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Wings Over Wick
Harry F Brant,
Actually, our squadron, 162 Bomber Reconnaissance (B.R.) Squadron, was based in Reykjavik, Iceland during 1944 but we were assigned to Temporary Duty (T.D.) at Wick as soon as the invasion of Europe began in June 1944.
We would fly from Iceland to Wick, then do three sorties out of Wick, usually off the coast of Norway in front of Kristiansund harbour near Trondheim then we would return to Iceland for engine and airframe maintenance. After a brief rest we would fly back to Wick and repeat the process again.
Our primary job was to hunt and destroy enemy submarines (U-boats) which were sinking many of our ships, which were carrying war supplies to the UK from Canada and the USA. Kristiansund harbour was used as a refuelling and refitting base by the German U-boat fleet and we were there to attack the U-boats as they surfaced outside the harbour, to complete their entrance into the harbour, on the surface.
Our squadron was equipped with long range, 2 engined, PBY-5A "Canso" amphibian flying boats which were built in Canada, which could remain aloft for up to 14 hours during our patrols. Each plane carried a crew of 8 men - 2 pilots, 1 navigator, 3 wireless operator/air gunners and 2 flight engineers. Being amphibious, we could fly off runways or land and take off from water, which made this plane very suitable for this type of work. A few of these planes are still being used in Canada as water-bombers for putting out forest fires which are quite numerous here in Canada in the summer.
On our patrols we usually carried two - 250lb depth charges under each wing (4 total), which were dropped from a height of 50 feet, as close to the submarine as possible. The depth charges would sink to a depth of 25 feet then explode causing the seams of the U-boat to buckle and the U-boat to sink.
When our crew went to Wick, we were outfitted with a secret weapon (at that time) known as a Sonic Torpedo which weighed 1,000 lbs. and was carried under the wing. When dropped near a submarine, the torpedo would pick up the noise made by the U-boat propellers and follow the U-boat wherever it went, until it made contact with the U-boat and usually disabled or sank the U-boat. Since it was such an important device, we were always on standby for immediate take off and were not allowed to leave the airport, unless it was for a very short period of time and then we had to leave a phone number where we could be reached. As a result I did not see much of Wick or get to meet the town folks.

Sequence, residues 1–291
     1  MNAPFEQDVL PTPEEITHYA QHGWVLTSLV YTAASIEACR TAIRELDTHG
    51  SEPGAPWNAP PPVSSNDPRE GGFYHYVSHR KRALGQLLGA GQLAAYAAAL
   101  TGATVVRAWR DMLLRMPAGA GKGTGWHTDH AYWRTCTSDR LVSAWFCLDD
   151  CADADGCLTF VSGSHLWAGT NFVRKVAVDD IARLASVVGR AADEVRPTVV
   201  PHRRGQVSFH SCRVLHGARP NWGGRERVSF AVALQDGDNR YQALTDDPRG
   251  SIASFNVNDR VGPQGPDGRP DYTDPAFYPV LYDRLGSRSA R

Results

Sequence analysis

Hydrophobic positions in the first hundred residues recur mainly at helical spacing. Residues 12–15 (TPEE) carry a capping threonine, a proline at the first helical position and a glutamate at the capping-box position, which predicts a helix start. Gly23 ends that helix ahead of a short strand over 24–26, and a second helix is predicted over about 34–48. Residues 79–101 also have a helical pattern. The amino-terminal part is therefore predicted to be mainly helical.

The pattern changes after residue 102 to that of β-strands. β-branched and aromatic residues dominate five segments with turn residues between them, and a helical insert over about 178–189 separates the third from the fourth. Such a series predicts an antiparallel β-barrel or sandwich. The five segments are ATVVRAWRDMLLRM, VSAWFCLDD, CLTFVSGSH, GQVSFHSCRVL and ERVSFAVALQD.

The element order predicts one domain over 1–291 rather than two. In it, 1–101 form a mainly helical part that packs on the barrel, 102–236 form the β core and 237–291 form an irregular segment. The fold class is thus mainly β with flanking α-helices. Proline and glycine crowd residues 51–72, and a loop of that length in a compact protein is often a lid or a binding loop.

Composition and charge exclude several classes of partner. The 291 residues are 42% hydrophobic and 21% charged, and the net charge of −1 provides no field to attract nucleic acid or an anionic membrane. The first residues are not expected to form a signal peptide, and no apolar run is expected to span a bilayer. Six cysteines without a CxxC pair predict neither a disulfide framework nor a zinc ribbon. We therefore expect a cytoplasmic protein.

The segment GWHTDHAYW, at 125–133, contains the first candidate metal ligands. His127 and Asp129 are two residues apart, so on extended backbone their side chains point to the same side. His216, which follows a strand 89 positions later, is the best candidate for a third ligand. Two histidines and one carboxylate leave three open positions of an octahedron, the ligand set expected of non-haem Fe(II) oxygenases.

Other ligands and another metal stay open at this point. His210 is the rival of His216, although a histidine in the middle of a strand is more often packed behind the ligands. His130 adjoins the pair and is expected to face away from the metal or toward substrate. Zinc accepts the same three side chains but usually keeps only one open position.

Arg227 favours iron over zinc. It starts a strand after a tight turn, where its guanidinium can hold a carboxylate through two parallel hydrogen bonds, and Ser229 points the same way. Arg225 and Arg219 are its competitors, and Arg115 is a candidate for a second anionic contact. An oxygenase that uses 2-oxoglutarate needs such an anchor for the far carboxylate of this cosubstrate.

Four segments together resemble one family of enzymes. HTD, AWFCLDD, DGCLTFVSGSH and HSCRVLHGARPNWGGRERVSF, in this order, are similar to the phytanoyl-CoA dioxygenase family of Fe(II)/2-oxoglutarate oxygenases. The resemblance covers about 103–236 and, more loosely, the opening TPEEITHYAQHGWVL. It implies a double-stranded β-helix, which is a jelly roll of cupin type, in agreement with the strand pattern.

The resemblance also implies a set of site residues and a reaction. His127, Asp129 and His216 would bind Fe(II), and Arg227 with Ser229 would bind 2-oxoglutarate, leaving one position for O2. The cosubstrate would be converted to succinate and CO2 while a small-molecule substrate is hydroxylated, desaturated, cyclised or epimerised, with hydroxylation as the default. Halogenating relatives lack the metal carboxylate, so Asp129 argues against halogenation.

Our crew first landed in Wick on 25th June 1944 and our last flight out was on 4th August 1944. During that time we flew 12 patrols out of Wick and assisted in sinking one U-boat. However, in the brief period the squadron was stationed in Wick, I understand, it attacked and sank more U-boats than any other Coastal Command squadron in the UK.
Our first flight out of Wick almost became our last one. We took off late in the evening so we could arrive at our search area by first light (dawn) near Kristiansund harbour. On the way we passed over Scapa Flow where the British fleet was stationed. The area around Scapa Flow was protected by balloon barrages, which trailed long metal cables to the ground to prevent enemy planes from flying into the area to drop bombs on the ships. Apparently our navigator forgot about this being a restricted area and we flew right into the balloon barrage area. I could hear loud "squeaker' noises on my radio and I asked the pilot what might these strange noises be caused by. After a quick consultation with the navigator, who remembered being warned about staying away from that area, we did a quick U-turn and got out of there as soon as possible without being shot at by the ground forces.
You Scots have certainly added much to our Canadian history, short as it is, so I am pleased to be able to add a little Canadiana to your history of Wick.